There was a bit of cabaret going on at one corner of the market, and it turned out to be a troupe of three guys wowing the crowds with some acrobatics.  We missed them at the market, but when we climbed up to the Place Saint Eugénie, there they were again. They were quite impressive, so I grabbed some video {and gave them a small contribution in return).

Our return to the hotel involved buying an ice cream and watching the sunset, alongside a load of other people.  The sunset was quite nice, as these things go

but went completely unnoticed by the bunch of beachcombers on the beach below, hopefully scanning for any valuables that might have been dropped by tourists during the day.

The final act of the day was rather lovely – a candlelit parade with some very good singing passed the hotel, marking the Assumption.

Tomorrow, we leave Biarritz for St-Jean-Pied-de-Port. Well, I hope we do; we’re rather dependent upon the driver organised by WalkTheCamino being able to find the hotel. Check back on these pages in a day or so and you’ll find out whether we made it OK.  For now, It’s Time For The Bed, I Think.

Why I use RAW

This was my first ever blog entry and it established this website as being a very modest but useful resource.  It used to be to support my professional photo work, but I retired. While I still count myself as a photo enthusiast, the main purpose of the site is for me to record my thoughts whilst travelling so that the experience doesn’t disappear into the mists of my unreliable memory.

However, there are some matters photographic that matter to me, hence the occasional posts on the subject.  Following is an updated version of this first-ever post, now featuring a rather better example of the benefits of taking photos in RAW, which I do whenever it’s important to get the maximum quality out of an image.

Before I get to the specific example, let me up what RAW means for those not familiar. You can skip ahead if you know all about this. If, on the other hand, your object of photography is to get an image online as soon as possible (e.g. for Instagram), you can stop reading right now, because every RAW image needs post-processing before display. (I use DxO Photolab. It’s brilliant, as it automates corrections for many things, such as lens distortions, without my needing to ask.)

When a sensor captures an image, it records everything it captures as a RAW file. It’s not an image as such; the popular categorisation is as a “digital negative” – not immediately viewable, but with everything you need to produce a final image. If you are just getting JPEGs from your camera, then you’ve lost some data already, since the camera will make decisions (some of them yours, some of them not) about what to do with the data (make the colours stronger, turn it black and white, whatever). Also a JPEG is a compressed format, and you lose some data in the compression. So, if you’re serious about getting everything you can from an image, make sure you’re capturing RAW versions. Personally, I capture RAW and JPEG. That way I can quickly see what I’ve captured as part of selecting what I then decide to process.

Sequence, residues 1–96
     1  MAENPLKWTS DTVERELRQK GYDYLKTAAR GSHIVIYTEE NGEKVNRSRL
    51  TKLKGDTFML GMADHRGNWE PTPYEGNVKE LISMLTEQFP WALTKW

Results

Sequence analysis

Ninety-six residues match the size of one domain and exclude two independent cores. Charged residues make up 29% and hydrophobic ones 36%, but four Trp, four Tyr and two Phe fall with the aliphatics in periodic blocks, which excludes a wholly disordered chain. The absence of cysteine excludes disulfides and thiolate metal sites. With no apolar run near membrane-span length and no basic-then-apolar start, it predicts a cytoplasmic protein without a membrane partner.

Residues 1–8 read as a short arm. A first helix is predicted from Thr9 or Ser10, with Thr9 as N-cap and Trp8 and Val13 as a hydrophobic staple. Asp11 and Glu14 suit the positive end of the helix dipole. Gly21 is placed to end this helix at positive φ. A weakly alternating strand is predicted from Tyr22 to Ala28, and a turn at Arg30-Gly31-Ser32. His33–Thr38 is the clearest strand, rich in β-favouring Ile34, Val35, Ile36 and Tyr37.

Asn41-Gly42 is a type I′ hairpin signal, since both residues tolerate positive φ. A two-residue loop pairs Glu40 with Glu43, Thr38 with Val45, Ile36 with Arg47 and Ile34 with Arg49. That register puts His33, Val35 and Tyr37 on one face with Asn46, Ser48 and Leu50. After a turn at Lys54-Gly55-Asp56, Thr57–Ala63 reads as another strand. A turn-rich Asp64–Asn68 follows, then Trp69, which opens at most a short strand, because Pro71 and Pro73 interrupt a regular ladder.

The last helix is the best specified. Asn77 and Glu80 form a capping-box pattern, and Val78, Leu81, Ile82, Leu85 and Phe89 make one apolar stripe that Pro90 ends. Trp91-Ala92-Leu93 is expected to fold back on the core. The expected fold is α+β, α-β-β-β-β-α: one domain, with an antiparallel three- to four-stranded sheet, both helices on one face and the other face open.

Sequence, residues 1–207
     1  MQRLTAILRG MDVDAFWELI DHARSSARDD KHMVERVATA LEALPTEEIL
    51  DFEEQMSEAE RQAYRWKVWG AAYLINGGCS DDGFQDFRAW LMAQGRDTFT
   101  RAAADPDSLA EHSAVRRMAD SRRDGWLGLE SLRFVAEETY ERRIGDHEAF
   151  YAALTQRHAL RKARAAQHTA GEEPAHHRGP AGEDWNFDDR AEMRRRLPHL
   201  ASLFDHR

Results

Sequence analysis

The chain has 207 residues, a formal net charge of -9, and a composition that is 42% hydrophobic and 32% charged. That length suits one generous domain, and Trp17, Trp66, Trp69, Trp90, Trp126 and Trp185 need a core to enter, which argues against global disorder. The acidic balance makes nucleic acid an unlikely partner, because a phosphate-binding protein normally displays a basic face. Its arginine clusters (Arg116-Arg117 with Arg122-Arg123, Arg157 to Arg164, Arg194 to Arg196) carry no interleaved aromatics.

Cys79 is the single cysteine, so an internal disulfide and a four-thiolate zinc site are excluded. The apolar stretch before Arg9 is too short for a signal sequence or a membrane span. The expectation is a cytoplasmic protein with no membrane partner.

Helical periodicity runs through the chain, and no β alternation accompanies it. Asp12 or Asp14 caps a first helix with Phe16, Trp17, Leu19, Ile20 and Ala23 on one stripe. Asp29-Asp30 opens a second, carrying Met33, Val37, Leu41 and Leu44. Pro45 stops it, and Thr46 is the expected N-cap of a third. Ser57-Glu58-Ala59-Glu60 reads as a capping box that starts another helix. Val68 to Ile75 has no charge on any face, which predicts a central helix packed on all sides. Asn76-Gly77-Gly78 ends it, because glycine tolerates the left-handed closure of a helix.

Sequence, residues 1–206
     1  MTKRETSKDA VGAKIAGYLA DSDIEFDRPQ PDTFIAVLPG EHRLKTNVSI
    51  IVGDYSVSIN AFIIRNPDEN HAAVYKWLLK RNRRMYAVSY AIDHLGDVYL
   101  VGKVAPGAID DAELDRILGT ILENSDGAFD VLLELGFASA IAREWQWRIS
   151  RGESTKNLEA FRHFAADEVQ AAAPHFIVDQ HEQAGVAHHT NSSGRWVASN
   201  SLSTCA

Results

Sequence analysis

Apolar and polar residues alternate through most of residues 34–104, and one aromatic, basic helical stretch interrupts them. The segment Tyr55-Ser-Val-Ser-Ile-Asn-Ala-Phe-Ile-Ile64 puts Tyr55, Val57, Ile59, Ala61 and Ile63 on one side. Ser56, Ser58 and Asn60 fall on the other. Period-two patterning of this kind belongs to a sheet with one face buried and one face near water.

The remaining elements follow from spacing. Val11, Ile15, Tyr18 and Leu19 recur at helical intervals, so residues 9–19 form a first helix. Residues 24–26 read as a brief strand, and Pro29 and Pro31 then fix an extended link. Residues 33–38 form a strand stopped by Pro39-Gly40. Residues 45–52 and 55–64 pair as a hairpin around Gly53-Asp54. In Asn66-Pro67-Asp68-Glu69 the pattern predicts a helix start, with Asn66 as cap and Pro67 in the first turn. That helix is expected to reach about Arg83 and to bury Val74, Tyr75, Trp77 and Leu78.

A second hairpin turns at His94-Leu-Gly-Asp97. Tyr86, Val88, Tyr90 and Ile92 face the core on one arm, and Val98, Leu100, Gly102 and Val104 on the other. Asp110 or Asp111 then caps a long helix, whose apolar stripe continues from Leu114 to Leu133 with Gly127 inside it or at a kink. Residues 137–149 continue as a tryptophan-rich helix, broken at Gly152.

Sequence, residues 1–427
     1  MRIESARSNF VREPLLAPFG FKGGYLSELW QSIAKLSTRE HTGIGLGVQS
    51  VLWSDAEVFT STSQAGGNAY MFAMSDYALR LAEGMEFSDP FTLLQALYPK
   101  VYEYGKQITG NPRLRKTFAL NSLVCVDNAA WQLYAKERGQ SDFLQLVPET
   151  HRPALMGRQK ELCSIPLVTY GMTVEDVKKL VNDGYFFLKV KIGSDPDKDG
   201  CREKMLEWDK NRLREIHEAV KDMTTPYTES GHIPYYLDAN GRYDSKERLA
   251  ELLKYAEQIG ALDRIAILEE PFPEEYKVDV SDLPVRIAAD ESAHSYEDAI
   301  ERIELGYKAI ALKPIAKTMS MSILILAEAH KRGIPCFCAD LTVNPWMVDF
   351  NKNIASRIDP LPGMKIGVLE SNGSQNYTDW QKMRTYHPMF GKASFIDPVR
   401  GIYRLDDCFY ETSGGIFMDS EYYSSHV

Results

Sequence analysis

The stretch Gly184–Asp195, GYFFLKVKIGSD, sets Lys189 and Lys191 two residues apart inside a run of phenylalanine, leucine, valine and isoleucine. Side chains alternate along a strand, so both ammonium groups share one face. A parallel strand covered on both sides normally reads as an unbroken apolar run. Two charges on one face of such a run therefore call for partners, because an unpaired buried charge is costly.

If you really want chapter and verse, read Wikipedia on the subject. And then donate to them; they do a grand job.

Now: an example.  When I was in Iceland recently, we visited a historical area called Thingeyrar, which has a church – specifically, a Catholic church.  This means that the contents are somewhat more lavish than your typical Icelandic church, which is Lutheran and a lot less ritzy inside as a result. Sadly, the church was locked; we couldn’t get inside to take photographs, so I had to point my camera (Nikon Z6) through the window to capture what I could.  At first blush, this looked rather unimpressive.  Here’s the photo, a JPEG image, out of the camera.

As you can see, it’s a horror – backlit and everything in silhouette.  Digital cameras, however, are normally pretty good at retrieving detail from dark areas, so one can take this photo and improve it a great deal, even as a JPEG:

But processing the RAW file gives an even better result:

It’s not an award-winner by any stretch of the imagination, as I have flare and reflections and all sorts going on, but the processed RAW photo is clearly better – more detail has been retained in the windows, for example, the shadows are much less indistinct and it’s clearer and crisper overall, as I was able to get at all of the information in the image (RAW), rather than what the camera had decided I should get (JPEG). It’s also a lot less noisy, as I was able to process it with DxO Photolab’s excellent noise-reducing capabilities – which are only available on RAW images.

I made sure to underexpose the image in order not to lose detail in the bright areas, as I was certain I could retrieve detail in processing the image.  And there’s the rub – as I said above, every RAW image has to be processed – “developed”, as it were –  in order to display it.  I could have used just the JPEG version, but I prefer to have the version that has all the edits in it that I want. And I’m prepared to invest the time to do this.

It can be considerable, but it’s worth it, don’tcha think?